Along the path of purgation, of expiating our temporal punishment for sin, we get help along the way. The Church grants us “indulgences” (from the Latin indulgentia) which if the conditions are met they make satisfaction for some of our punishment. An indulgence is thus defined as a total or partial remission of the temporal punishment which man would have to suffer either in this or the next life, after the sins have been remitted. Thus if we wanted to use a crude understanding, the Church essentially grants time off of purgatory for a given act. This is most certainly in the Church’s power, as Our Blessed Lord said both to Peter singly, and later to all the Apostles “Whatsoever you bind on earth shall be bound in heaven.” (Matthew XVIII:18) Purgatory is not in heaven, it exists in time but not in space. Its sufferings are temporal, and thus the Church has the power to remit some sufferings.

There are two types of indulgences, a plenary and a partial indulgences. As their Latin roots suggest, the former is a full indulgence, or remittance for your temporal punishment, while the latter is only for part of it. The partial indulgence only remits so many days or years of penance, as in the ancient codes of the Church so many days of public penance would be remitted by certain indulgences. Hence to say a certain indulgence is an 80 days indulgence, etc. However indulgences are not get out of jail free cards. You can only get one if you are in a state of grace, and perform necessary virtuous work with a love of God. Indulgences said with no devotion, or performed for mere gain do not fulfill the conditions and therefore remit no amount of temporal punishment. Furthermore indulgences do not forgive sin, only the temporal punishment resulting from sin. Only Christ, in the person of his priests willing to do what the Church does, who forgives sins in the name of the Father, and of the Son and of the Holy Ghost can possibly grant forgiveness of sins.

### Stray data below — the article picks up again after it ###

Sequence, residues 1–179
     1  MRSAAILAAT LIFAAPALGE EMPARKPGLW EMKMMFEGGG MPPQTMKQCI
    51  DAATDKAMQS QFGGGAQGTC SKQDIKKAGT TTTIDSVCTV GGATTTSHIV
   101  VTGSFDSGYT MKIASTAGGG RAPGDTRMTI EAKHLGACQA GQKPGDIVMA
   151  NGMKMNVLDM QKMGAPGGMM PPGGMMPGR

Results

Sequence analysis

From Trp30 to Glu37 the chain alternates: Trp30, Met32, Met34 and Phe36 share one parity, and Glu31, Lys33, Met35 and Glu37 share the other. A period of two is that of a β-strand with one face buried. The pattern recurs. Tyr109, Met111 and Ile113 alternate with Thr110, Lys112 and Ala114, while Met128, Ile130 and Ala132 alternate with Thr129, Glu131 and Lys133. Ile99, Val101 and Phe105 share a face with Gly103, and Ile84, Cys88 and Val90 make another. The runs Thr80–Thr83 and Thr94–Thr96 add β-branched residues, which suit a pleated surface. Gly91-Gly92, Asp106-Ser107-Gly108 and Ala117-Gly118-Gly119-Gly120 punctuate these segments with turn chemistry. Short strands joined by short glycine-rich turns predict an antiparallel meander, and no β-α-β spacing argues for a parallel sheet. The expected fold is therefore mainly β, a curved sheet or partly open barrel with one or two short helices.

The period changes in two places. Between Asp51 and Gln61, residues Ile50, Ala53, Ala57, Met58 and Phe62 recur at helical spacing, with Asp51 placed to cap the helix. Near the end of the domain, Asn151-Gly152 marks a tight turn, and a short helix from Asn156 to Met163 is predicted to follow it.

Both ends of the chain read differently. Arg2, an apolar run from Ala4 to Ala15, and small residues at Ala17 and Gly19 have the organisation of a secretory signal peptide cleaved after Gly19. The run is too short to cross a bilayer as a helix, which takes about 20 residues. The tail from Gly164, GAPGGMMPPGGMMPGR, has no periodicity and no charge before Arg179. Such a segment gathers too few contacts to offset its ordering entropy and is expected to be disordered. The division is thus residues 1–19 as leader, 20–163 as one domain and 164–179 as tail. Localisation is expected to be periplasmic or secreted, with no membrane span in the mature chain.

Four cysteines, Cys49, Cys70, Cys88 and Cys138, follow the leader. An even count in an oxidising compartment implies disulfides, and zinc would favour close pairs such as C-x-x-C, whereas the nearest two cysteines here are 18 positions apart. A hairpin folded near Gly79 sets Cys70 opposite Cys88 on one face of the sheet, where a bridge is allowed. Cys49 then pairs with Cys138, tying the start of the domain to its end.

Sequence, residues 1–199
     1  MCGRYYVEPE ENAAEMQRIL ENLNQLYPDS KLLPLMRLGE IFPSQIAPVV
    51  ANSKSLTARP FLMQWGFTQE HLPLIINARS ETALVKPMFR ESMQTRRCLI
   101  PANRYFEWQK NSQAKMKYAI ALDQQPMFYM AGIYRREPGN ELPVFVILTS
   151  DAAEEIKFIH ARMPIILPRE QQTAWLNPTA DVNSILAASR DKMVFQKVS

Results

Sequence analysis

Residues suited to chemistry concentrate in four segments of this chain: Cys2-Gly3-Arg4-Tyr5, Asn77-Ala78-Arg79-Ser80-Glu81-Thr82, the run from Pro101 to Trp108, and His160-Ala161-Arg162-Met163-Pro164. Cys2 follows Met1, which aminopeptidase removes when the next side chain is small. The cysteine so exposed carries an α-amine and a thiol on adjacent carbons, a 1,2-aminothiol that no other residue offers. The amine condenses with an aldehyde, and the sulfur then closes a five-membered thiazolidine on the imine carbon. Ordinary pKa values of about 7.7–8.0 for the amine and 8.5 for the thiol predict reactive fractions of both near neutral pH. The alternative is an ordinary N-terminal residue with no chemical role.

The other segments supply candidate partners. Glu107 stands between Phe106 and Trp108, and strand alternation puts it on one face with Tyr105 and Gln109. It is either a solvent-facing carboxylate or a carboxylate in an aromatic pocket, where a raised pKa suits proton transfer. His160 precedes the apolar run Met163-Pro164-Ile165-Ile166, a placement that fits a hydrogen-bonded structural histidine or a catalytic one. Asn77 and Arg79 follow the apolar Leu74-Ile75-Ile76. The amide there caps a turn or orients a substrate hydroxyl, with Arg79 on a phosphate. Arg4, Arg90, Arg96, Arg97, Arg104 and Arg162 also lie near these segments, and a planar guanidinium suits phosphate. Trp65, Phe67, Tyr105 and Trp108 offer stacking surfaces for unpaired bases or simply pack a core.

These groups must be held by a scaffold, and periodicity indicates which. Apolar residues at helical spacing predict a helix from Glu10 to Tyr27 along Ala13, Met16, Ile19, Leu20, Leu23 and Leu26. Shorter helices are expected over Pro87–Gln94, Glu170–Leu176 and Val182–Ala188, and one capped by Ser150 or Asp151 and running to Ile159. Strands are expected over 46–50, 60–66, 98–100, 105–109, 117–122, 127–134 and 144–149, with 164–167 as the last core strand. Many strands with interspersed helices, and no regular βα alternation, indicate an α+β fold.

The use of indulgences is a great tool by which we can attain heaven faster. Dom Gueranger notes in his Liturgical Year:

We well know how the Church seconds the goodwill of her children. By the practice of Indulgences, she places at their charitable disposal the inexhaustible treasure accumulated, from age to age, by the super-abundant satisfactions of the saints, added to those of the martyrs, and united to those of our blessed Lady and the infinite residue of our Lord’s sufferings. These remissions of punishment she grants to the living by her own direct power; but she nearly always approves of and permits their application to the dead by way of suffrage- that is to say, in the manner in which, as we have seen, each of the faithful may offer to God who accepts it, for another, the suffrage or succour of his own satisfactions. Such is the doctrine of Suarez, who adds that an Indulgence ceded to the dead loses nothing either of the security or of the value it would have had for ourselves who are militant. (Liturgical Year, vol. 15, pg. 94)

There is no question, that both in this Mass of All Souls day, and in our personal prayers, we must take up the cause of our brethren in purgatory. In the past there were orders devoted to such prayer, and today, well, today purgatory remains an inconvenient obstacle to ecumenical dialogue, which only seeks to obscure the faith and create some unity in diversity at the expense of holy souls. St. Paul says in his letter to the Thessalonians: “We will not have you ignorant, brethren, concerning them that are asleep, that you be not sorrowful, even as others who have no hope.”(I Thessalonians IV:13). ...If it is charity to pray and make sacrifices and offer indulgences for the souls in purgatory, it is the exact opposite to discourage devotion to the souls of purgatory, in fact it is evil. ... Thus all ... Catholics worth their salt should be taking up the adoption of a soul or souls in purgatory, and pray and make sacrifices for their deliverance.